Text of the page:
Allan Massie: Scots have good platform to build on
AT CLOSE of play in Paris Lawrence Dallaglio said it was clear that Wales and England were the two best teams, well ahead of the rest.
The final table might support his opinion, but the thumping Wales gave England suggests otherwise. They beat England far more comprehensively than they beat anyone else. As I said on Saturday morning, the English performance has got worse with every match; they were fortunate to beat Italy and in Cardiff they were dire. After the game it was hard to believe that anyone had thought it would be close, let alone envisaged an English victory.
What then of Scotland? We lost in Paris as we usually do and were beaten by a French side that only occasionally sparkled. The final score was a fair reflection of the match, and perhaps the chief disappointment was that we played with adventure and ambition only after the game was in effect lost. Still, Jim Hamilton’s assessment seems fair: we have had a half-decent tournament. Hamilton’s own one was more than half-decent. He has become as important to Scotland as Nathan Hines was for so many years.
The defence has been much improved – at least since the Calcutta Cup game. Conceding five tries in four matches is about par for the course, though one should add the qualification that this was a tournament in which defences were on top. There was no free-scoring team. The wretched weather in which the majority of games were played doubtless contributed to the shortage of tries, but lack of enterprise, lack of vision, and inadequate basic skills were other reasons.
In Paris, as in earlier games, Greig Laidlaw kicked very astutely from the base of the scrum. One did wonder however if he overdid it, and might have been readier to make use of the men outside him. There is more skill and penetration in this Scottish back division than whoever devises our game-plan seems to think. Much has been said, rightly, about the attacking flair shown by the back three, but Matt Scott has been one of the few centres in the tournament to make clean breaks. Jamie Roberts had a storming game on Saturday, but, apart from that, Scott has been as good a 12 as anyone except Wesley Fofana.
Well though Kelly Brown has played, we have missed having an out-and-out No 7. We might have had a more successful tournament if Ross Rennie had been fit, but every country has been without some important players, none more so than Ireland whose injury count has been horrendous.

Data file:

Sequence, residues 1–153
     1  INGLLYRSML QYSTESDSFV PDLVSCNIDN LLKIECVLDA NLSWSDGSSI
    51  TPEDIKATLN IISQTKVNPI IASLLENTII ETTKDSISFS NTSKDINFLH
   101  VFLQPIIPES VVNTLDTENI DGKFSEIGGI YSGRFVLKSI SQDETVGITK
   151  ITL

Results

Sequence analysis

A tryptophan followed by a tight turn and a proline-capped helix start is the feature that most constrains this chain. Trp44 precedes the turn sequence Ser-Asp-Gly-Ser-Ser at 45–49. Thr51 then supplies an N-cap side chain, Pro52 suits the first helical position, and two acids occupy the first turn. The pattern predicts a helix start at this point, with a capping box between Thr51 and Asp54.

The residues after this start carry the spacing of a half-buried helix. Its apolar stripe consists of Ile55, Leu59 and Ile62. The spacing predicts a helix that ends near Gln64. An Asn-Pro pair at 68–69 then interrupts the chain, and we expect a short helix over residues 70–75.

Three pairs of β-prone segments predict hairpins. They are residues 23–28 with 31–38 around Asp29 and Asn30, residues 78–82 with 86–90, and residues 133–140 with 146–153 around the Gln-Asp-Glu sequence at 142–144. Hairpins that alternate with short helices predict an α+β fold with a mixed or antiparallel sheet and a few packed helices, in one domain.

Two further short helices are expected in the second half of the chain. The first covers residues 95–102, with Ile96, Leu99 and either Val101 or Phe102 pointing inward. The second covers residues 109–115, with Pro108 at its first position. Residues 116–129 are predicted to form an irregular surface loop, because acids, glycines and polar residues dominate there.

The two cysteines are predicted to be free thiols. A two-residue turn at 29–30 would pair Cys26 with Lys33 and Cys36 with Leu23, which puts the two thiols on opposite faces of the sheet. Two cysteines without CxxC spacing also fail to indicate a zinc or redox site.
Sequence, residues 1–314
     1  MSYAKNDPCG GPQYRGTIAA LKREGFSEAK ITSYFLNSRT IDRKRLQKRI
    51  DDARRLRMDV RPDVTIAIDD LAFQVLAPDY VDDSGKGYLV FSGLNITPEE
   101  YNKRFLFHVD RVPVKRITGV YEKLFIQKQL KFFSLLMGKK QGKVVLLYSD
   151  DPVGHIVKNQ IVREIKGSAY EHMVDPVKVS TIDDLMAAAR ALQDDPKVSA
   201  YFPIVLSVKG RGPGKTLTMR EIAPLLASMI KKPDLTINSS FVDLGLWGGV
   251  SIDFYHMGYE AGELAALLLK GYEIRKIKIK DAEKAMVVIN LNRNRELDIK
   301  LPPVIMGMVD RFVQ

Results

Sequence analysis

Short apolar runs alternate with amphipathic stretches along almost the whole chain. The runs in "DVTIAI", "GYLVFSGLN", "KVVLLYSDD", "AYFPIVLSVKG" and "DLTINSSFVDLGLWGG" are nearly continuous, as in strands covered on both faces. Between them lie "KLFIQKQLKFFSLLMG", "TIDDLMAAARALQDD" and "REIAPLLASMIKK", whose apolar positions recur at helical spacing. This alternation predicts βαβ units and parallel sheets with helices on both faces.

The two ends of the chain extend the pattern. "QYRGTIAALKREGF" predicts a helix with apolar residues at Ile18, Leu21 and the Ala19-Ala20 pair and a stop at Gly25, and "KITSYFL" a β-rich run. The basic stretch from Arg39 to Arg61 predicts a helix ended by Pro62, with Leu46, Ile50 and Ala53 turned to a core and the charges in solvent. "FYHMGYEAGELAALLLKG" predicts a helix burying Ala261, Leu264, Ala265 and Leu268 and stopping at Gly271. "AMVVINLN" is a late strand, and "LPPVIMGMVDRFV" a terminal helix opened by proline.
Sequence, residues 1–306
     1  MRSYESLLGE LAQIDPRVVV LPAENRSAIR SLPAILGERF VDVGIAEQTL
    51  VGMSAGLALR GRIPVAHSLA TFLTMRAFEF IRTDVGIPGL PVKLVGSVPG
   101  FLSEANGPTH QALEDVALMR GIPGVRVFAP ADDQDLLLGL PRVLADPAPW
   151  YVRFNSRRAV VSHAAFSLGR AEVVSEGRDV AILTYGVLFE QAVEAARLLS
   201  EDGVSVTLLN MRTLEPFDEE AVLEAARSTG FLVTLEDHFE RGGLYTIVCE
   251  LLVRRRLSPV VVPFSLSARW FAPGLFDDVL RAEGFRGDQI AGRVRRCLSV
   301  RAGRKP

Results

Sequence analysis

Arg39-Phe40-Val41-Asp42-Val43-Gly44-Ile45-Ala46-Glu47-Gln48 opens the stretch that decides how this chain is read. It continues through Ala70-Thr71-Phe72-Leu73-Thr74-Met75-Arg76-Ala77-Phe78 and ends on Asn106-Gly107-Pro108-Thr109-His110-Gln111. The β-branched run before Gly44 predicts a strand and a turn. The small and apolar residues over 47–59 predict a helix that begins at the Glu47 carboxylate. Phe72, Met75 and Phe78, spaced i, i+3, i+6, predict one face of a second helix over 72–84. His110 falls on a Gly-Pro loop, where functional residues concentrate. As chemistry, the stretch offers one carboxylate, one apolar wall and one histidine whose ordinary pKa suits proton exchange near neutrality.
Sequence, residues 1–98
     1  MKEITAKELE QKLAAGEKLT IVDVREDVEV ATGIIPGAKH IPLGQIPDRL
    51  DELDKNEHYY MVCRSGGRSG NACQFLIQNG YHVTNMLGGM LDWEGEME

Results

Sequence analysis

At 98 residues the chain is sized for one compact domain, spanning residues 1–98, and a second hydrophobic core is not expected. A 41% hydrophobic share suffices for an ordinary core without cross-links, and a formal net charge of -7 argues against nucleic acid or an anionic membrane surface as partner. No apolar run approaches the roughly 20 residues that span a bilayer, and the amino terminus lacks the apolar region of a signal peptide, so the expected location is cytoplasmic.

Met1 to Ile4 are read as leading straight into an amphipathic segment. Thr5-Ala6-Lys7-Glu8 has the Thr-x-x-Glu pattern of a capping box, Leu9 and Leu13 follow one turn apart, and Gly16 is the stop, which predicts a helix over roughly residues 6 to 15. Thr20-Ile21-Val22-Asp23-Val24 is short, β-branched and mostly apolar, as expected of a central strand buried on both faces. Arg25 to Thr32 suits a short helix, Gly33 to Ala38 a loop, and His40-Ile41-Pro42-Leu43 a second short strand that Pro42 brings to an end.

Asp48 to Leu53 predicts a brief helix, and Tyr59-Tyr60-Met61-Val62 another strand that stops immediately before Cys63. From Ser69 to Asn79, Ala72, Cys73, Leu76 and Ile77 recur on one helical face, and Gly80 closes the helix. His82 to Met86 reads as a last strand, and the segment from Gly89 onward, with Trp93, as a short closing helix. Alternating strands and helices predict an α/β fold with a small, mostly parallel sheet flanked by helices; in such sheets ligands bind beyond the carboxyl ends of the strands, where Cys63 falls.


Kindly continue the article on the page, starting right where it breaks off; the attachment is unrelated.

We lost the game in Paris in the first ten minutes of the second half. That was the time to put real pressure on a French side clearly lacking in confidence. But we didn’t assert ourselves then, and France were able to begin to dominate. Once they had got ahead thanks to a succession of short-range penalties, they started to play with freedom and the match slipped away from us. The rally after Ruaridh Jackson and Henry Pyrgos took over at half-back and showed a readiness to run the ball came far too late.
Norman Mair used to remark in these columns that New Zealanders – and rugby league players – handle better because they handle more. Perhaps we make handling errors because we don’t trust ourselves to handle often enough. Some of the handling mistakes in Paris, notably by Stuart Hogg and Johnnie Beattie, would have attracted well-deserved criticism from a youth club coach, even allowing for the filthy weather in which the game started. Yet Hogg and Beattie have been two of our best players. In contrast Leigh Halfpenny hasn’t failed to take a high kick all season. This is one reason why Wales are champions and we are among the also-rans.
Critics are often intemperate, and when a team loses it is easy to deliver harsh judgments. Yet there haven’t really been any obvious individual failures. Everybody who had played in the tournament has had some excellent moments, everybody has contributed something. There is no call for heads to roll, and it is likely that all these players will still be challenging for a place next season and most will play many more times for Scotland. Sean Lamont may be approaching the end of his international career, and he may not be a natural centre, but he has had a very good tournament. I don’t know the statistics but it would surprise me if he hasn’t made more tackles than any other back, except, possibly, Sean Maitland.
“A half-decent season” may not be an inspiring conclusion, but it is a fair one. The team did well to recover from the heavy defeat at Twickenham. After that it was won two, lost two, and both defeats were close enough for there to have been spells when victory seemed possible. In any case it’s no disgrace to lose to the eventual champions and it’s never a disgrace to lose in Paris so long as you have been in the match for most of the 80 minutes. Realistically we should say there is something to build on, and it would seem sensible for the SRU to abandon any idea of an expensive world-wide search for a new chief coach, and instead to confirm Scott Johnson in the job – for next season at least.
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Weather for Edinburgh
Wednesday 22 May 2013
Temperature: 3 C to 13 C
Wind Speed: 23 mph
Wind direction: North west
Temperature: 5 C to 10 C
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Wind direction: North west